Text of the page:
Wednesday, December 12, 2018

Lyddie by Katherine Paterson

Set in the 1800's in New England, this novel offers a picture of what life was like for a young female working in a factory on the looms.  The noise, long hours and health issues are very difficult. The  menacing overseer strikes fear in the girls. Lyddie is determined to continue and make enough money to pay her family's debts and return to the farm she was forced to leave. Living in a boarding house with many other females who work at the factory she makes friends and learns of women who want to fight for their rights though she does not join with them. Though this is a young peoples book I would recommend it for adults also and experience the struggles in this young girl's life and relationships.

Monday, December 10, 2018

Lies by T. M. Logan

Joe Lynch thought he had a perfect life until his 4-year-old son spotted his wife's car on a freeway when they were driving back home.  Out of curiosity, he followed her car to a hotel and discovered her meeting with Ben, her best friend's husband.  Joe confronted Ben after Mel left.  Then Ben vanishes, and the police are after Joe.  Searching for the truth, Joe realizes Mel's deceit in their marriage.  Things are not what they appear.  This psychological mystery has a lot of unbelievable twists and turns.  It has a gripping beginning, but it gets blogged down and the ending is a surprise.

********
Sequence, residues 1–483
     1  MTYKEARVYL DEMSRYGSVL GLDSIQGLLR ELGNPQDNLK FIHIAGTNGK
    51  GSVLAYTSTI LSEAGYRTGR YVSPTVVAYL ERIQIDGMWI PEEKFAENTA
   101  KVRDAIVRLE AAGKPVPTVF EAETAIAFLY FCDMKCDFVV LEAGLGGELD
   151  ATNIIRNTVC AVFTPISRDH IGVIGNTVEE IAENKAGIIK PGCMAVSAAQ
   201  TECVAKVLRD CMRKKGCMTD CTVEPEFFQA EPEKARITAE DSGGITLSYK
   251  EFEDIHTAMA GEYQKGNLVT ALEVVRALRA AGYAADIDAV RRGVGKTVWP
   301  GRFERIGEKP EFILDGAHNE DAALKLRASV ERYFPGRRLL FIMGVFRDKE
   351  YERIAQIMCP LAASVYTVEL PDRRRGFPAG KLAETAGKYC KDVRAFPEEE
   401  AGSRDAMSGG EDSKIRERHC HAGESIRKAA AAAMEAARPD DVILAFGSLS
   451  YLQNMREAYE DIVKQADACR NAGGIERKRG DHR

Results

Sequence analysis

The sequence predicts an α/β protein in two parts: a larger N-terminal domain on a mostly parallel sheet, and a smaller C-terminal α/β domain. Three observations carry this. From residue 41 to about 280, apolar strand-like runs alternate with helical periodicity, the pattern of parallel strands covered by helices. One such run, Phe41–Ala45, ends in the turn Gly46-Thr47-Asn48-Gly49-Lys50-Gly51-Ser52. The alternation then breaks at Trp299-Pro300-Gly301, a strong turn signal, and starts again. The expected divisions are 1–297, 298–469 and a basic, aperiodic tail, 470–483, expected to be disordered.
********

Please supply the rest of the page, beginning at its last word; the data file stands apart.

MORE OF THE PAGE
Tuesday, December 4, 2018

The Reckoning by John Grisham

In the first part of this book, Pete Banning, a decorated WWII veteran, now a cotton farmer, goes into town and murders the Methodist preacher, Dexter Bell.  He offers no defense, saying only "I have nothing to say". 
The next part of the book focuses on Banning's earlier life and his time in the Philippines during WWII.  The third part deals with the aftermath of his actions.

Grisham fans will read this book anyway, but I'd recommend it to those who like historical fiction, for its portrayals of life in the South in the 1940s, and the Philippines during the war.  Plus, it keeps you guessing on certain plot points right up until the very end, making it a compelling read!

if the creek don't rise by Leah Weiss

A story of people living in the 1970's. Each chapter is told in first person by the character the chapter is about. Some characters get two chapters, but Sadie Blue gets three. She begins it, has a chapter in the middle, and ends it. You will receive real insight into what life is like for these people hidden away in the Appalachian Mountains. The hardness and the richness (in their poverty) of everyday life. Very interesting.